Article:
3.  Wet Wipes are the shit. Seriously. They are way better than hand sanitizer for those times when you want to touch food but can’t find a place to wash up. Wiping down your face, neck, and chest provides serious refreshment on those days when you’re touring in the hot sun. They also double as a shower when the hostel shower is out of order or the sink water smells mysteriously of bleach, or you’re spending the night on a train and would really like to stop smelling so bad. Just wipe down your armpits and crotchal area and you’ll feel like a new woman.

4. If you’re a lady who shaves, stop. I’m serious. Just stop shaving. You’re on vacation. You will never be so free from the pressures of the American beauty ideal. Embrace it. Let it grow. Give yourself a chance to feel what it’s like to grow out your natural leg hair. Discover what it’s like to have armpit hair. I promise you that no one around you will give a crap. Plus, when you return home, your impressive body hair will stand as a testamant to your badassery. Cherish it. You have the rest of your life to deal with stubble and razor burn.

6.  If you’re rocking the sexy nerd look with some sweet frames, bring a back-up pair. I’m serious. I have terrible sight and I wear my glasses every day.  When I was planning a 9-day trip to Belize, my dad warned me to bring a back-up pair. But I was like, “Naw, Dad, I’m fine.” After all, I take very good care of my glasses. I never lose them or break them. What could go wrong? (Oh, my hubris!) Well. One day in Belize I encountered a monkey, who immediately ran up to me and snatched my glasses off my face. Yes. So the moral of the story is that you should always bring back-up glasses because you never know when a monkey will appear and try to STEAL THINGS FROM YOUR FACE.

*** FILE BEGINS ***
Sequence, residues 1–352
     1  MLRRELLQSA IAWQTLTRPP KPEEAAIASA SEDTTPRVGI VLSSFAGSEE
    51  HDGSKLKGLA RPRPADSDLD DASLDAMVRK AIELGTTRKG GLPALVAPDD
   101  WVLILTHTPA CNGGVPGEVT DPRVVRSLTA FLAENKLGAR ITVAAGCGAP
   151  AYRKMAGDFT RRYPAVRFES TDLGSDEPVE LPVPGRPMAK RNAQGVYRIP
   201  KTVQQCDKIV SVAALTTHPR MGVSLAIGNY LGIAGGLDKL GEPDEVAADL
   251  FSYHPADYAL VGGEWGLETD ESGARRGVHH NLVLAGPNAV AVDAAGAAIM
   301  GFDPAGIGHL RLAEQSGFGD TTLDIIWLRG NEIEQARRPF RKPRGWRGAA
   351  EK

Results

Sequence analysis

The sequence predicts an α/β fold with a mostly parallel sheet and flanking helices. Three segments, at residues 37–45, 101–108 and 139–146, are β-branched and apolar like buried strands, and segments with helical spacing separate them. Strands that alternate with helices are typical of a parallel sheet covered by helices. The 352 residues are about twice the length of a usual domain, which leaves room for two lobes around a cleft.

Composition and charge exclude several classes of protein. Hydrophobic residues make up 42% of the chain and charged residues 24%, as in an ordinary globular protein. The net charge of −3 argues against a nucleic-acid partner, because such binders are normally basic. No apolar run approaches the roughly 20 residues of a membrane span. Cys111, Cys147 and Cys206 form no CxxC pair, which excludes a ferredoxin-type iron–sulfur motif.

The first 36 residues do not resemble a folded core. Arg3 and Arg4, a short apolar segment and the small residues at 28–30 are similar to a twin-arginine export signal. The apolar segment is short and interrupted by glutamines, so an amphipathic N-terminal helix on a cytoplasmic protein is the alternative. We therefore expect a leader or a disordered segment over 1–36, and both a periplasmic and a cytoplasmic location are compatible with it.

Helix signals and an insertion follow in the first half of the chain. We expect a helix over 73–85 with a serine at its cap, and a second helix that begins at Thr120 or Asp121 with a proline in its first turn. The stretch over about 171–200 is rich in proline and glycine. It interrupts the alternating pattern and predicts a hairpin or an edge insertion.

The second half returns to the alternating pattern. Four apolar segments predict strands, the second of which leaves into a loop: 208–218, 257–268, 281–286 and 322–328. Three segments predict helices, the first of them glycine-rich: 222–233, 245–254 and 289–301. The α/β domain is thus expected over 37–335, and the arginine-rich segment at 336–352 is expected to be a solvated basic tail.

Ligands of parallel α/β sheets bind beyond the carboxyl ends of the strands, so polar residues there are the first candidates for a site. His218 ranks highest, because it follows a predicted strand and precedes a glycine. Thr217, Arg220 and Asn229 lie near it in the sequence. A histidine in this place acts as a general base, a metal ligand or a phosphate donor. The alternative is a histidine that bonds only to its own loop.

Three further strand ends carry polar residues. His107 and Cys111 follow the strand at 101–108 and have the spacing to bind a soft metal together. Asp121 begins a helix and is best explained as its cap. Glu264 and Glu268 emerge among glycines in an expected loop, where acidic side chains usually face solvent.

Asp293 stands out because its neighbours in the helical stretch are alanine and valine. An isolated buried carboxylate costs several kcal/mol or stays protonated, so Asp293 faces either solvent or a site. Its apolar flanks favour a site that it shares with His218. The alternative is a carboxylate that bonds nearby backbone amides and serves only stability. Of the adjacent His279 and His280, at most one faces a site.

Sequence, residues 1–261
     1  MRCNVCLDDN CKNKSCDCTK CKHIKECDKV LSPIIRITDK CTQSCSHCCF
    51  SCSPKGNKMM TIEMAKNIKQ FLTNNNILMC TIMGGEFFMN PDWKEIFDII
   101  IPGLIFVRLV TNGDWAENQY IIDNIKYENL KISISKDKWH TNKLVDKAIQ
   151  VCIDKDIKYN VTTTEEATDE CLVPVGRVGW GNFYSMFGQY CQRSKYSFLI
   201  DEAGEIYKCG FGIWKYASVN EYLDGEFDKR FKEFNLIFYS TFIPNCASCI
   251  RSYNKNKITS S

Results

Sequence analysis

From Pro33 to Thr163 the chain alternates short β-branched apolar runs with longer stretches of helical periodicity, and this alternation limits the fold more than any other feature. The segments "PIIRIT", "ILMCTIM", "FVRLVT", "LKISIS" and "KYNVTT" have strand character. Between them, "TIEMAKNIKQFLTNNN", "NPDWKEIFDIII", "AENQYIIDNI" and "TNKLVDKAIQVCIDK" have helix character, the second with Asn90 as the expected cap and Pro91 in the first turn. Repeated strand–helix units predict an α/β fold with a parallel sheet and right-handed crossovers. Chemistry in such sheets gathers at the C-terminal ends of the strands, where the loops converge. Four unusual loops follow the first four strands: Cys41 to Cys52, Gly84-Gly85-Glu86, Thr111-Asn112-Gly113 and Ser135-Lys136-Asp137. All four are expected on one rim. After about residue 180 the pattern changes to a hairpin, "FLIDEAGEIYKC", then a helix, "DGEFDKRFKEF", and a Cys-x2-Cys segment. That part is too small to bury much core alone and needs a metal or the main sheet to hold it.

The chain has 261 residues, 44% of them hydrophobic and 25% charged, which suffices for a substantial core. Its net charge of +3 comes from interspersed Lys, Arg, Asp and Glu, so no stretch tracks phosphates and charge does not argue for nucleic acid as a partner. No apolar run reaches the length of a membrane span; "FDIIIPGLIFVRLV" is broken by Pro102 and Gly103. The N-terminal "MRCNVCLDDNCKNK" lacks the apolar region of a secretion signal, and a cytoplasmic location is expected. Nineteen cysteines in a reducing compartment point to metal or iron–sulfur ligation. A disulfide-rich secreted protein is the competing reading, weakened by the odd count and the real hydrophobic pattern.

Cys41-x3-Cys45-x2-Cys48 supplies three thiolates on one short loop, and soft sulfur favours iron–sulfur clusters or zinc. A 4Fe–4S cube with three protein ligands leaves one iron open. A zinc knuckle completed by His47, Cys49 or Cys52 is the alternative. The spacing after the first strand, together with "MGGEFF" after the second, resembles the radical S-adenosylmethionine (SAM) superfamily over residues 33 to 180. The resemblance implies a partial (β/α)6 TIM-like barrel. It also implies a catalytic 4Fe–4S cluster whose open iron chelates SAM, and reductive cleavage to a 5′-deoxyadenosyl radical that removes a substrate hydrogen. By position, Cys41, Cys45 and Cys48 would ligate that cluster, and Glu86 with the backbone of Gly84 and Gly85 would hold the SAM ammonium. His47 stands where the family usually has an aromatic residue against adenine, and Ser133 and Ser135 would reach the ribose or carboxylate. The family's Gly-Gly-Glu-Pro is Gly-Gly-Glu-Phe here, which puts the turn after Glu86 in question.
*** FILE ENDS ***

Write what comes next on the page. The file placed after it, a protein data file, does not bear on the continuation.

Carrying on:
7.  Take care of the ounces and the pounds will take care of themselves. No, this has nothing to do with dieting. It’s about packing light. Literally. I first heard this phrase from some backpackers I met on the Appalachian Trail. They were explaining how they chose each item in their pack with special care. They chose the lightest tent. The lightest sleeping bag. The lightest shoes.** They chose the lightest toothbrush. Even if it’s only a matter of an ounce or two, those ounces add up. If you don’t want to be carrying around a super heavy pack — and trust me you don’t — pack light. Make a pile of everything you need. Then cut that pile in half. Then cut it in half again. (Don’t worry, if you realize you need something, you can always buy it.) Then, choose the lightest versions of all those things. It will be worth it.